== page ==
KANSAS CITY, MOR. — KANSAS CITY, Mo. -- Right fielder Joe Orsulak officially is listed as day-to-day following the diving play Saturday night that left him with a sprained left thumb, but there is a real possibility DTC that he'll be placed on the disabled list today.
Orsulak will be evaluated today by Orioles orthopedist Dr. Charles Silberstein and hand specialist Dr. Hugh Baugher, then the club will have to decide whether to replace him on the roster.
The club was optimistic about Orsulak's chances for a quick return after X-rays taken Saturday night proved negative, but Orsulak was very sore when he woke up yesterday and he was feeling the aftereffects of his jarring collision with the Royals Stadium AstroTurf in more places than one.
When Orsulak made his abortive attempt to catch a fifth-inning triple by Royals first baseman Wally Joyner, he also jammed his right shoulder and came up with soreness in his neck and back.
That gives the Orioles just another reason to hate artificial turf.
"I don't need another reason," said manager Johnny Oates.
The club is 10-12 on plastic grass, but the poor winning percentage pales in significance to the loss of one of the club's hottest hitters. Orsulak went hitless in his last nine at-bats, but he's batting .330 during his last 27 games and is the team's leading hitter at .307.
It was the second injury the Orioles have suffered because of surface conditions in the past eight days. Right-hander Rick Sutcliffe suffered a strained right trapezius (shoulder) muscle when he slipped on the mound at Oriole Park in the final game of the last homestand.
Sutcliffe feels the injury could have been prevented if the mound had been in better condition. Orsulak's injuries almost certainly would have been less severe on natural grass.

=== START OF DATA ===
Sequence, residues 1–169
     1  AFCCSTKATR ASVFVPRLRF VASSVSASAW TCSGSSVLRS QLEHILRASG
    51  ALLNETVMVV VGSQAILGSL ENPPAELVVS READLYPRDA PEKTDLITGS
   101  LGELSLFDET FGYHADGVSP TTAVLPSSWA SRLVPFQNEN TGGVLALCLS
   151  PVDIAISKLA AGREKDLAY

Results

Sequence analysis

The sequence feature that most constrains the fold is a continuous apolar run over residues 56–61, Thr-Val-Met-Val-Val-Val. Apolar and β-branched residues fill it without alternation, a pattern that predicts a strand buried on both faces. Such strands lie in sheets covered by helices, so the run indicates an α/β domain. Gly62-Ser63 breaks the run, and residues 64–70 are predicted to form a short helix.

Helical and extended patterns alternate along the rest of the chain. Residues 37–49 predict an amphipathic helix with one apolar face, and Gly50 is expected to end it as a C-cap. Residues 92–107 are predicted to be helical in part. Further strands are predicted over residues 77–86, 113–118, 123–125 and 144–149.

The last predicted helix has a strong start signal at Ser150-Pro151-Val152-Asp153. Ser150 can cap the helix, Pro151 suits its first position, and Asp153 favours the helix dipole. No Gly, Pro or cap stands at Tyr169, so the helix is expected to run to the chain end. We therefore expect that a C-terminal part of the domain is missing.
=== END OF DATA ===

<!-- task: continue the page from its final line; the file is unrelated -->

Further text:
"I don't know about the thumb," said trainer Richie Bancells. "It might have been less severe. But I don't think the neck and shoulder and back would be hurting if he had made the play on grass."
Bancells said the weeklong road trip to SkyDome and Royals Stadium has taken a toll on the entire team, but that is business as usual.
"I've got a lot of guys coming in with leg soreness and back stiffness," he said, "and there is no doubt in my mind that it is not a coincidence. There is just no doubt."
Orsulak was in good spirits yesterday. He was walking around the clubhouse with a sign hanging from his neck that read: "I'm day-to-day -- leave me the heck alone."
"I don't really know what to tell you," he said. But his thumb was very swollen and he made no secret of the fact that it was much sorer than the night before.
Reserve outfielder Chito Martinez replaced him in right field Saturday night and was back in the starting lineup yesterday. He figures to be in the lineup on an everyday basis until Orsulak returns.
The club cannot afford to wait long to make a decision. The loss of Orsulak leaves David Segui as the only experienced outfielder in reserve. Utility man Tim Hulett could play in an emergency, but the team doesn't figure to leave itself that vulnerable at this point in a pennant race.
If a recall is necessary, the Orioles could recall outfielder Luis Mercedes, who has been swinging a hot bat for the Triple-A Rochester Red Wings, or try to make a waiver deal.